We say there's nothing quite like a slice (or two) of rich, decadent chocolate cake to make your day a little sweeter.
Today we pay homage to one of the most beloved desserts of all time: chocolate cake. And let's be real, who doesn't love chocolate cake? It's the perfect combination of rich, chocolatey goodness and light, fluffy sponge cake.
It's hard to believe that chocolate cake has only been in existence for just over 150 years. In 1828, a Dutchman named Coenraad van Houten developed a method to extract the fat from cacao, resulting in cacao butter and the party de-fatted cacao, a compacted mass of solids which could be sold as it was or ground into cocoa powder, a process which transformed chocolate from a precious luxury into an affordable snack. Almost 60 years later, American cooks began to add chocolate to their cake batter and the chocolate cake as we know and love it today was born.
Sachertorte, fudge, lava, red velvet, mud, Black Forest or truffle...whatever your chocolate cake of choice, today is the perfect excuse to indulge in as much chocolate cake as your heart desires. And why not wash down a slice or two with a Chocolate Orange Espresso Martini, or go all out with a Death By Chocolate.
If you thought child stars like Lindsay Lohan and Macaulay Culkin had it hard, spare a thought for the infant prodigy Wolfgang Amadeus Mozart, born on this day in 1756.
By the time he was six Mozart was not only composing but performing in front of European royalty on a grand tour of Europe. Slight and hardworking, Mozart drove himself hard through his short life, composing a body of work that spanned operas, concertos, quintets and Requiems before his untimely death aged only 35.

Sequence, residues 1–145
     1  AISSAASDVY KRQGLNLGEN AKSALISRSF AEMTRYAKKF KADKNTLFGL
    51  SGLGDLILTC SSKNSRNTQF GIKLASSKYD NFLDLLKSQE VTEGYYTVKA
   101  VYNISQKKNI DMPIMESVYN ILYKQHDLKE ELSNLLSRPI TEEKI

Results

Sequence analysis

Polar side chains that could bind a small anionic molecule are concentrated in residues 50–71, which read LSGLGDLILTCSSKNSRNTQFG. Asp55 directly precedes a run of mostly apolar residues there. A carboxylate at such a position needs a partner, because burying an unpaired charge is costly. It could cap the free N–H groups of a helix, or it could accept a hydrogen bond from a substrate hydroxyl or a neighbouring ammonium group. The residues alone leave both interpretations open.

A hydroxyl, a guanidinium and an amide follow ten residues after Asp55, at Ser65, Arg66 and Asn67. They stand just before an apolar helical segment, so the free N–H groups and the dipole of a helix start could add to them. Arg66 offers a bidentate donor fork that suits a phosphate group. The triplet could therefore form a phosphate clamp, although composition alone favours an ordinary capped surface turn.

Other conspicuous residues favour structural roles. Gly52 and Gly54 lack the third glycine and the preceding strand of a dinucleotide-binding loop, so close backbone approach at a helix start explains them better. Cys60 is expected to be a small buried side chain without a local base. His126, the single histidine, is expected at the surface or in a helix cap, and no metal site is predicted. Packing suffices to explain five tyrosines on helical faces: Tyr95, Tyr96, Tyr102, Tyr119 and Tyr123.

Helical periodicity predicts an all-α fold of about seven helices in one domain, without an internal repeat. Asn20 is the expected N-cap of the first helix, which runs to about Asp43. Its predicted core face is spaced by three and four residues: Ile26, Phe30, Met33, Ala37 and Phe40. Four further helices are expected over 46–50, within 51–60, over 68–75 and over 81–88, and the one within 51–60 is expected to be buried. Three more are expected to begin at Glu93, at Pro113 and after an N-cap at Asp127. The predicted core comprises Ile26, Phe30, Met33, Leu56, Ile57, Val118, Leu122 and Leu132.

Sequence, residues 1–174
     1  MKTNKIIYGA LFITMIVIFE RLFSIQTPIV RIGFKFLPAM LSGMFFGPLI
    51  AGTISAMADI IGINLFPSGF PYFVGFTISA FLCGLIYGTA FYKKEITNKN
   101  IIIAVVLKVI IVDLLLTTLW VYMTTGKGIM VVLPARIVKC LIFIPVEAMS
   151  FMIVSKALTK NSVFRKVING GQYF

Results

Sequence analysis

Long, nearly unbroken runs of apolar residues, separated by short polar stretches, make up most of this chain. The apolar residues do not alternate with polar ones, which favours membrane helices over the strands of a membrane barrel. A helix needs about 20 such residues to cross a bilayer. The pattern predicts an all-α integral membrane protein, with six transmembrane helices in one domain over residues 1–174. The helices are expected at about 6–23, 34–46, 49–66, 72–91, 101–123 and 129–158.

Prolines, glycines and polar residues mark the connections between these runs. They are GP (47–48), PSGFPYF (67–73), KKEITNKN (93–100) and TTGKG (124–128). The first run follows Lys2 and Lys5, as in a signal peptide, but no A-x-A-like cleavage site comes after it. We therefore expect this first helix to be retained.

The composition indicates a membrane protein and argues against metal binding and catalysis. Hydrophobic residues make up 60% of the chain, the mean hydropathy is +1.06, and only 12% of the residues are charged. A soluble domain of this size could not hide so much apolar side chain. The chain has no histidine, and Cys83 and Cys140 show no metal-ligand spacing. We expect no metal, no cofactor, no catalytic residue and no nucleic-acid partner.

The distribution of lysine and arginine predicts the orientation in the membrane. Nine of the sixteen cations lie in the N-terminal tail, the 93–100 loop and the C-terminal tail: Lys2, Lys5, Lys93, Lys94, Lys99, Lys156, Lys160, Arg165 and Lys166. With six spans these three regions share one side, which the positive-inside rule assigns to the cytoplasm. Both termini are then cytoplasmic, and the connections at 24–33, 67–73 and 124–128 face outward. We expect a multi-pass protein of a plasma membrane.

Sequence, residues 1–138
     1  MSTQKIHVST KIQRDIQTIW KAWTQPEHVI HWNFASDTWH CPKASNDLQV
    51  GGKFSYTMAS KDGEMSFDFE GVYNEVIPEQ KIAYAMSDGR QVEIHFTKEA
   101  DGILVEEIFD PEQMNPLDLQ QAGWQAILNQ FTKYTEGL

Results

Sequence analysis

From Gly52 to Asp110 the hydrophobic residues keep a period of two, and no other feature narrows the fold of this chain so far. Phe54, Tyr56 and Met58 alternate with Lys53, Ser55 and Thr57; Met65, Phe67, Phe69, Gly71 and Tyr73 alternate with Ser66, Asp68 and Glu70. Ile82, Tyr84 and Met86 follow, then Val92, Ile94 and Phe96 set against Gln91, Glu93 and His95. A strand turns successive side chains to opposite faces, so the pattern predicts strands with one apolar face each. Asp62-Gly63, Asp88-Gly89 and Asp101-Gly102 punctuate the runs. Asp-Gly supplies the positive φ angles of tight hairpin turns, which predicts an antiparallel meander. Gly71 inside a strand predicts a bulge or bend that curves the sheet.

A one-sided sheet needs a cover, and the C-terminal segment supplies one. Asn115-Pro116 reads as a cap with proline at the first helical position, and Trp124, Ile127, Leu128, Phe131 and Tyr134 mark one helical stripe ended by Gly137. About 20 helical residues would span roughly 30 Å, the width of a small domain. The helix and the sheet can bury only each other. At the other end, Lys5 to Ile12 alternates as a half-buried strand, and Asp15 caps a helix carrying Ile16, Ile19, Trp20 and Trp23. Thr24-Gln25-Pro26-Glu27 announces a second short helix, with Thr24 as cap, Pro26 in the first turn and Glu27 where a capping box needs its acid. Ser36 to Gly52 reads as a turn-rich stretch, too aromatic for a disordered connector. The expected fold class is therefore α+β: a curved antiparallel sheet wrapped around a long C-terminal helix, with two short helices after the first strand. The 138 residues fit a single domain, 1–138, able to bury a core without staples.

He influenced composers including Beethoven and, after his death, Tchaikovsky and Chopin, and his music is, of course, still adored today.
We are raising a glass to this iconic man with an Opera cocktail combining influences from Jacques Straub's 1914 recipe and Harry Craddock's 1930 recipe.
On this day in 1910, a London plumber and sanitary engineer with the couldn't-make-it-up name of Thomas Crapper passed away, and the interwebz have appointed today to celebrate his legacy: the flush toilet.
Except, unfortunately, Crapper didn't invent the crapper (although he did patent several improvements to it). The first flushing water closet in England appeared during the time of Queen Elizabeth, and the first patent was awarded in 1775, decades before Crapper emerged on the scene.
The myth of Crapper, in fact, comes from a book - Flushed with Pride: The Story of Thomas Crapper - published by one Wallace Reyburn. But Crapper was a real person, and his T. Crapper & Co. manhole covers can still be seen around London.
At last, on this day in 1944, the Soviet Army broke through the German blockade of Leningrad that had endured for an agonising 872 days.
All land communication had been cut off, the city had been subjected to air and artillery bombardment, and hundreds of thousands of Leningrad's population of 2.5 million had died since the beginning of the siege on 1 September 1941.
The harshest winter in decades had added to their suffering which had been eased a little when Lake Ladoga to the North of the city froze, allowing an ice road to bring in supplies. In memory of the heroes who freed the city, and those who endured so much, today we will be drinking a Leninade.
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